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Its shares trade at an unjustified discount to other internet-based businesses
Thursday 17 May 2018 Author: Tom Sieber

Weak sentiment towards the car market should not obscure the strength of vehicle listings website Auto Trader (AUTO).

Enjoying the low costs of being a purely internet-based business and the pricing power associated with its status as the runaway leader in the UK market, we think investors should take advantage of recent share price weakness before the market reappraises the investment case.

A near-term catalyst is on the horizon in the form of a 7 June results announcement for the 12 months to 31 March 2018. Alongside the numbers themselves, guidance is likely to be given for the 2019 financial year.


The recent takeover offer for Zoopla-owner ZPG (ZPG) shines a light on the valuation disparity between Auto Trader and other online businesses.

ZPG’s deal was struck at an EV/EBITDA (enterprise value to earnings before interest, tax, depreciation and amortisation) multiple of just over 20-times based on Berenberg’s forecast EBITDA for the September 2018 financial year.

This is not out of step with valuations for internet-based businesses in the US. It is also roughly in line with the consensus 2018 EV/EBITDA multiple for Zoopla’s main rival and UK property site market leader Rightmove (RMV) at around 23-times. By contrast Auto Trader currently trades on an EV/EBITDA of 15.85-times.



The company revealed in March that used car stock for the current financial year could be flat or even down. Auto Trader is reliant on the used car market (around 85% of the stock on its website). This therefore spooked the investment community and prompted weakness in the share price.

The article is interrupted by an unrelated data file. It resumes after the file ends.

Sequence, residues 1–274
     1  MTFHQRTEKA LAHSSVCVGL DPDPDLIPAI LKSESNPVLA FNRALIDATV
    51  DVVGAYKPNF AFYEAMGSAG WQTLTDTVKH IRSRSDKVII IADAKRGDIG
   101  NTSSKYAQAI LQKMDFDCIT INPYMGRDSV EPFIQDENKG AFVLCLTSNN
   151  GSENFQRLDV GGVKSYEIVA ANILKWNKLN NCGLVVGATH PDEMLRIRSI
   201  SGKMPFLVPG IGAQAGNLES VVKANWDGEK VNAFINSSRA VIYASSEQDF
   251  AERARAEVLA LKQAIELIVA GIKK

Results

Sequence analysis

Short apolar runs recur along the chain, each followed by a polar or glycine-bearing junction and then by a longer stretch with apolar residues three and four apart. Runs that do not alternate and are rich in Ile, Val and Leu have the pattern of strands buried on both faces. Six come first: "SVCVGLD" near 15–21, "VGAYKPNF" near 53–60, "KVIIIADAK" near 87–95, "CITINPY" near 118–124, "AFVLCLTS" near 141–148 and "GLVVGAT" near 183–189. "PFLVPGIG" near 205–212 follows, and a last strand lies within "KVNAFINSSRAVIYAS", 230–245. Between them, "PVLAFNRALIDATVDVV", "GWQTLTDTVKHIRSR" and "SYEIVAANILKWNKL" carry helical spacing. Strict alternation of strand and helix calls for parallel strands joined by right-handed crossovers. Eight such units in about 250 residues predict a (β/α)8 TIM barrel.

There are two points to consider here. First the company has other levers it can pull to grow average revenue per retailer (ARPR). Second it is worth noting the aforementioned higher rated property portals serve a housing market which also has slightly uneven and uncertain prospects.

Property market volatility has not stopped Rightmove’s shares trading at record levels and, like Rightmove, Auto Trader benefits from a market share upwards of 70%.

Auto Trader’s website is the one most visited by prospective car buyers because it has the most listings. Car retailers are therefore compelled to use its products, reinforcing its position.



Auto Trader’s main area of business is Trade Services which sells subscriptions to retailers on a contracted basis. The remainder is largely accounted by private sellers, advertising agreements with partners in areas like insurance, car finance and vehicle checking, and standard display ads on the site.

There are four key areas of operation – selling, buying, marketing and managing – and each one is broken up into different levels with price points moving progressively higher.


Launched in 1977 the print product was discontinued in 2013 leaving the company 100% digital. More than 70% of visits to its sites now come through smartphones and tablets. The company joined the stock market in March 2015 at a price of 235p per share.

Numis analyst Paul Richards notes that organic revenue has advanced at a compound annual growth rate of 9% since IPO (initial public offering) and says this growth has been delivered in equal measure by increases in underlying price, more stock carried on the site and new product development.

In other words, by cross-selling and upselling to existing clients, the company can increase ARPR and further bolster its returns even if the level of stock remains flat.

In the longer term the business sees opportunities to increase its penetration in the new car market and to enable transactions to be carried out online.


Numis’ Richards says in several ways Auto Trader will address the opportunities. ‘First, it will seek to maintain its leadership with used (and increasingly) new car buyers.

‘Second, from this position it will seek to move as much of the car buying process online as is practicable. Finally, the group will continue to develop products, data and services that deliver a higher return on investment to retailers than the offline products currently available.’

Like many companies which move from private equity ownership to the public markets, the company came to the market with a lot of debt. Fortunately strong cash generation has enabled the company to reduce its net debt to earnings ratio from 3.4-times to 1.6-times while still paying out a third of its earnings in dividends.

A potential risk is competition from other online platforms like Gumtree and Ebay but these more generic sites lack the brand awareness and capabilities Auto Trader enjoys in the car market. (TS)



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